David Chiu, Carmen Chu Opt Out of Mayoral Race

With two major Asian-American candidates rejecting a shot to run in June, the mayoral race tightens up to a few key players.

City Assessor Carmen Chu (left) and Assemblymember David Chiu (right). (Photos: SF Examiner)

Two major potential candidates for mayor announced independently Sunday and Monday that they would not enter the race, tightening the field for June’s election.

City Assessor-Recorder Carmen Chu was the first to publicly state that she would not be running for mayor. “I have been humbled by many of you who have reached out to encourage and ask that I run for Mayor. I appreciate and am inspired by your confidence in me to do the job,” Chu stated in a news release. “After much reflection with my family and loved ones, I have decided that I best serve the city, my staff, and the San Franciscans who have elected me to see my work through as assessor at this time.”

Chu was appointed to the position of Assessor-Recorder in 2013 by Mayor Ed Lee, after Phil Ting left the position for the California State Assembly. She was chosen by voters for the position in 2013 and 2014, perhaps partly due to her name recognition: She was formerly District 4 supervisor.  The Assessor-Recorder Office’s tasks are wide-reaching, ranging from managing taxable properties in San Francisco County to maintaining public records — and Chu has made some huge strides in the past few years, including keeping her office open during the first weekend that same-sex marriage was legalized in California, so that 479 marriage licenses could be issued.

Her decision not to run, Chu says, is due to the work she still wants to accomplish in her current role. “By holding ourselves and our largest taxpayers accountable, we’ve increased citywide revenues by over $200 million in the last year, innovated to improve public transparency, prioritized inclusion and access for over 400 low and middle-income families through our free family financial planning forums, and are in the midst of securing our $2.6 billion property tax system for the future,” she says.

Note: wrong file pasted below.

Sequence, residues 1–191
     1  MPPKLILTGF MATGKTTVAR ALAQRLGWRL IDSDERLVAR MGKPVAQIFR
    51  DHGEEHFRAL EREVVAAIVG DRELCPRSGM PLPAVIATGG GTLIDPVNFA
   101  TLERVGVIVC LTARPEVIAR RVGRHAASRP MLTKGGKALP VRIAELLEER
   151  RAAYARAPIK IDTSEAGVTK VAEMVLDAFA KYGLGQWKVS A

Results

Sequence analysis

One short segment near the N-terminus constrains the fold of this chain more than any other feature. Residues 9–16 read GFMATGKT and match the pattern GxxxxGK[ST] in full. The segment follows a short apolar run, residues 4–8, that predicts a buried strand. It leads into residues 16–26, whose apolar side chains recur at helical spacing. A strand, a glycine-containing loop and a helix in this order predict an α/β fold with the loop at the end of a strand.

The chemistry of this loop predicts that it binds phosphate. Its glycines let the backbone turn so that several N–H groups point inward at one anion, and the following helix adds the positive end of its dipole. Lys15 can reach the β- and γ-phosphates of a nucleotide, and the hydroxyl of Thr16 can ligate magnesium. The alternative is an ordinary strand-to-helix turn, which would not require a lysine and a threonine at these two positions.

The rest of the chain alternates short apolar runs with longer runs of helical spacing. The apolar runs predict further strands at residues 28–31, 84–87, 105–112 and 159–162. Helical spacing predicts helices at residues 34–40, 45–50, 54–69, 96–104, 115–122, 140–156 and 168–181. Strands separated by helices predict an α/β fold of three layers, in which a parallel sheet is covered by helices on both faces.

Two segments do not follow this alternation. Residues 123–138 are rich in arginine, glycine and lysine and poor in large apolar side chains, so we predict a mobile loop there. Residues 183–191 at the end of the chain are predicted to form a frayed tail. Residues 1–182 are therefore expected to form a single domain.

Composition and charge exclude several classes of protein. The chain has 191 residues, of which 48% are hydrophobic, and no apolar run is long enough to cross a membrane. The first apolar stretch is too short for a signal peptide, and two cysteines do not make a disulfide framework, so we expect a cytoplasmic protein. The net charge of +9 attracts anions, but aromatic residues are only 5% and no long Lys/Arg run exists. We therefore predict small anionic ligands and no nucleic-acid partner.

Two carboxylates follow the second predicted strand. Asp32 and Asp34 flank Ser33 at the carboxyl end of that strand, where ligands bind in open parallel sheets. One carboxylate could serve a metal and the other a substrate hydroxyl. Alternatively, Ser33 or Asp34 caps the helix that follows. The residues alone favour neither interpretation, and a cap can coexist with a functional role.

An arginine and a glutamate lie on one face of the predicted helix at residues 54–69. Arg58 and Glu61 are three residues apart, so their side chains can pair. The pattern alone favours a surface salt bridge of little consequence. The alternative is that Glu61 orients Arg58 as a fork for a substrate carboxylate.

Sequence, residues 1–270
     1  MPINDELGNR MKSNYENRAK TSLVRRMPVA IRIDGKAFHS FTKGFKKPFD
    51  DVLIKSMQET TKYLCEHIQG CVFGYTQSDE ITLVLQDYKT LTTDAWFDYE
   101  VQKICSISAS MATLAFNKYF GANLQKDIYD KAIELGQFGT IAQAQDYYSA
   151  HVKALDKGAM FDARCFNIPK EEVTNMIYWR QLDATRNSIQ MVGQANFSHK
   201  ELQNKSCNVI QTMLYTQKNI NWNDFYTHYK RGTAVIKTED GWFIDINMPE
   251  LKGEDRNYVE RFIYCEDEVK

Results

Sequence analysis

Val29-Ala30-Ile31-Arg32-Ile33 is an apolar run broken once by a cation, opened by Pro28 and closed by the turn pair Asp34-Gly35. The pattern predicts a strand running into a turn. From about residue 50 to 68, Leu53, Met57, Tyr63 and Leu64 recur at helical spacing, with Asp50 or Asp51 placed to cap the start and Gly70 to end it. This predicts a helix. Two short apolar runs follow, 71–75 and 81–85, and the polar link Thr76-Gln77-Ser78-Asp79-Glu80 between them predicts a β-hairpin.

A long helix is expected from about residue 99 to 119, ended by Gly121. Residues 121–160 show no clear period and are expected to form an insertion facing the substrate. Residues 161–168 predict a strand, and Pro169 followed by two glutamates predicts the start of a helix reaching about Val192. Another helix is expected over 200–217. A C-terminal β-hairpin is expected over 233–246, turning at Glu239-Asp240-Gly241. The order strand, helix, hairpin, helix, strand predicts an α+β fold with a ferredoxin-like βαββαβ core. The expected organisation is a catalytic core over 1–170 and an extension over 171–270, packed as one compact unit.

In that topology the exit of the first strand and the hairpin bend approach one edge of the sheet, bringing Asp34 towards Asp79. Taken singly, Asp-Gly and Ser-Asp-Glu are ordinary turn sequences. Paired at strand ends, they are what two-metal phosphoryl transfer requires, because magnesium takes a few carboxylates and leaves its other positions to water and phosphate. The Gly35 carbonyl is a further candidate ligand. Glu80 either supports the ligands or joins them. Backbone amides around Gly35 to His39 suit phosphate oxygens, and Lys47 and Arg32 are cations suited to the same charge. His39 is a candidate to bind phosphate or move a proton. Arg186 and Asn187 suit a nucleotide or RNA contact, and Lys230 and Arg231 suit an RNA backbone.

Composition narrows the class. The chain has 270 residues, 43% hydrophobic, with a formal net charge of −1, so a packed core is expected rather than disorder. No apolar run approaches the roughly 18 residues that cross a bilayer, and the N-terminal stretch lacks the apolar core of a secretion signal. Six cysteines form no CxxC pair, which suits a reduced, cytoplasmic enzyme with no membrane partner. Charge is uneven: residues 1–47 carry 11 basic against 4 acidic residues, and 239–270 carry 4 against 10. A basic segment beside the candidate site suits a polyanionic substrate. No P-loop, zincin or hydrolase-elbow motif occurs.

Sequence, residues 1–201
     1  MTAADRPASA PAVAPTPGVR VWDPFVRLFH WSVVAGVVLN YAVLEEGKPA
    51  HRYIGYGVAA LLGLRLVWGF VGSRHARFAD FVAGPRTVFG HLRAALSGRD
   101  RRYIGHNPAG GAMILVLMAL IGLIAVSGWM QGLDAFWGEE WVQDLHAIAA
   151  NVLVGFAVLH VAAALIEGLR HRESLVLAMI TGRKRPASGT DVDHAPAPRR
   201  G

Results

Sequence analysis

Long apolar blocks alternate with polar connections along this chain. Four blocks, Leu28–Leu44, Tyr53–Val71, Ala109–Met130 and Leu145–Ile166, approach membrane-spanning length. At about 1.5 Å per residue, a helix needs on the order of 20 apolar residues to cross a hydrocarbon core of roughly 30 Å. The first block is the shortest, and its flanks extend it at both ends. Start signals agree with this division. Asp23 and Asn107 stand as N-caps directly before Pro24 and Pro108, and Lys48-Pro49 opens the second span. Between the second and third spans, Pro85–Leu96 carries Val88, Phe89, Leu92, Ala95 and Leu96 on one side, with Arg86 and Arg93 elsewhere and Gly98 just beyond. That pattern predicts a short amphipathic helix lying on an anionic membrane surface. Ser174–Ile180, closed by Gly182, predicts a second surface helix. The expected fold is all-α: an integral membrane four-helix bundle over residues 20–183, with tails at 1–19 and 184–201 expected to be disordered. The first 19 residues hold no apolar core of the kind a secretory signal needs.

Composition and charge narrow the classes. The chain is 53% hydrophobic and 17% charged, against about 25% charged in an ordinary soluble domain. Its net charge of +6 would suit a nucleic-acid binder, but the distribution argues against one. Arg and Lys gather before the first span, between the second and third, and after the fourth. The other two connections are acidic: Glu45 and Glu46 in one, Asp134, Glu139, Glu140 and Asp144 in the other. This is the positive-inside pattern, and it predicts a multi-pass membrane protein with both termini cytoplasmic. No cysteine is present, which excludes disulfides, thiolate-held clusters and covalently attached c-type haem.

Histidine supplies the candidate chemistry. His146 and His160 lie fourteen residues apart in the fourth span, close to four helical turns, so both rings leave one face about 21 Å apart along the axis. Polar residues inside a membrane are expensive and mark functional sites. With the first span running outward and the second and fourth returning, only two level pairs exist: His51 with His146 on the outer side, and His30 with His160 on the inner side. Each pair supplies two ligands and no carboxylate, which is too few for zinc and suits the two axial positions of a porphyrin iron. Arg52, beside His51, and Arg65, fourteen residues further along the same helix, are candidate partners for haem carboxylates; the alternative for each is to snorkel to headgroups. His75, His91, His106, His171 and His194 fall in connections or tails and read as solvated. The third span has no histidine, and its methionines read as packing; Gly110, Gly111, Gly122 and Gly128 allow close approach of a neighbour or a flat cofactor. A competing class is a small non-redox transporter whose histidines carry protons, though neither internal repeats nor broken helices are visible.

While she’s out for this race, Chu has not stated whether or not she’ll run for mayor in November 2019. 

Assemblymember David Chiu, considered a potential major player in the race, announced Monday that he also does not intend to run for the position in June’s election. 

“After discussions with my wife, friends and allies, I will not be running for Mayor this June,” he stated via email, pledging his commitment to working on California policy on the state level. 

“During my first three years, we have delivered on housing, transportation, immigrant protections and other areas, but our work is not done,” Chiu wrote. “As California continues to lead the Resistance, our efforts at the state level are more important than ever.”

The move is a strategic one — as the Examiner points out, Chiu would have had to surrender his run for re-election as assemblymember in June if he were to run for mayor. In a city that loves an incumbent, he might have a better chance at re-election in his current position that election into a new one. 

The deadline to file papers for June’s mayoral race is 5 p.m. on Tuesday — and unless anyone else comes out of the woodwork, it seems like the frontrunners will be former Senator Mark Leno, Supervisor London Breed, Supervisor Jane Kim, and maybe City Attorney Dennis Herrera, who has yet to confirm whether or not he’s running. 

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